- 60-75: The spotlight team learns of evidence that can prove that the church knew about the problem and covered it up. Unfortunately, the church has removed this public evidence from the court records.
- 75-90: The spotlight team learns that the documents they’re looking for already exist with a lawyer who tells them they need to file a motion to have him present the documents again so they’ll be on the public record once more. The spotlight team gets this information but then 9/11 occurs and all reporting on the church coverup scandal ceases.
- 90-105: The spotlight team gets back on the coverup scandal and has their story. They need to convince a lawyer, who has helped the church cover up the story, to verify that the story is true. This lawyer finally agrees to help the spotlight team.
- 105-120: The spotlight team tries to release the story but the editor asks that they collect more information to prove that the church knew about this scandal. When the spotlight team gets all this information, they release the story and realize it’s not just limited to Boston but a systematic problem throughout the world.
Every 15 minutes, the spotlight team pursues a new goal and all the main characters deal with their own problems and obstacles at the same time until the entire story comes together in the end. If you’re looking for visual effects and gunfire, you won’t find that in “Spotlight.” Instead, “Spotlight” has to replace special effects and explosions with foreshadowing and constant pursuit of a goal.
Since the story is about child molestation, every scene constantly reminds us of this. There’s a scene where a lawyer tells one main character that if it takes a village to raise a child, it also takes a village to molest one. That’s a hint that more than one person is involved in the cover up.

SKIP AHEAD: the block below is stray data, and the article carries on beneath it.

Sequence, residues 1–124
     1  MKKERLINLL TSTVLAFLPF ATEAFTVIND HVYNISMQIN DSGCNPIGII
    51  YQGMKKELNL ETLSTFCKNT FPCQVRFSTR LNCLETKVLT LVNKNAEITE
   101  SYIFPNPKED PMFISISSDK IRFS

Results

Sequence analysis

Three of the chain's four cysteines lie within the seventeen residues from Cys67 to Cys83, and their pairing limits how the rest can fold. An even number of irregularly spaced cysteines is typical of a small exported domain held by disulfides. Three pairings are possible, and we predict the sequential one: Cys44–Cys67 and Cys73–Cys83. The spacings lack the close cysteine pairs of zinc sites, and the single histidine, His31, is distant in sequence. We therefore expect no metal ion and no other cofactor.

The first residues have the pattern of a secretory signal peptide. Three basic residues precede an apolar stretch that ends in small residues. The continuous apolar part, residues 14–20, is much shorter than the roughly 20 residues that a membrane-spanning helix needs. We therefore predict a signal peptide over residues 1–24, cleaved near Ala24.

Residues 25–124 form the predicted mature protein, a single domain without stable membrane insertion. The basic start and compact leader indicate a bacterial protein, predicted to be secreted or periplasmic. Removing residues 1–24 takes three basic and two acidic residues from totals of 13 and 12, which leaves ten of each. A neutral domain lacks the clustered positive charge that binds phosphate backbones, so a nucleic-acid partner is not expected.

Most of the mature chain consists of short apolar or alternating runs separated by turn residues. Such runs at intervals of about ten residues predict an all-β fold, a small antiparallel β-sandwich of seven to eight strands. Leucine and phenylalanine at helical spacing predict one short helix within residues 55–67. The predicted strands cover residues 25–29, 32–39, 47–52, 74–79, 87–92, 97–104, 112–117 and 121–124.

“Spotlight” is unique in that there’s no central villain constantly threatening the main characters. Instead, there are constant minor villains trying to thwart the spotlight team form succeeding in their mission. Yet in the background the main villain is the church itself that has covered up this scandal for so long.
“Spotlight” has the unfortunate distinction of being one of the least profitable Best Picture winners in a long time since “The Hurt Locker.” Yet it’s a perfect example of how to structure a story without relying on guns, explosions, or people having sex. Study each scene and you’ll see how each scene constantly includes conflict of some kind and foreshadows something that will be revealed in a future scene.
The key to “Spotlight” is how each scene is interesting in itself, yet fits the overall theme and mood of the story. By clearly explaining what the main characters are pursuing and letting us see them struggle to achieve each minor goal, the multiple scenes in “Spotlight” grab and hold our attention from start to finish.
“Spotlight” deserves its Best Picture distinction, which means it’s an excellent movie to study to learn how to better structure your own screenplays.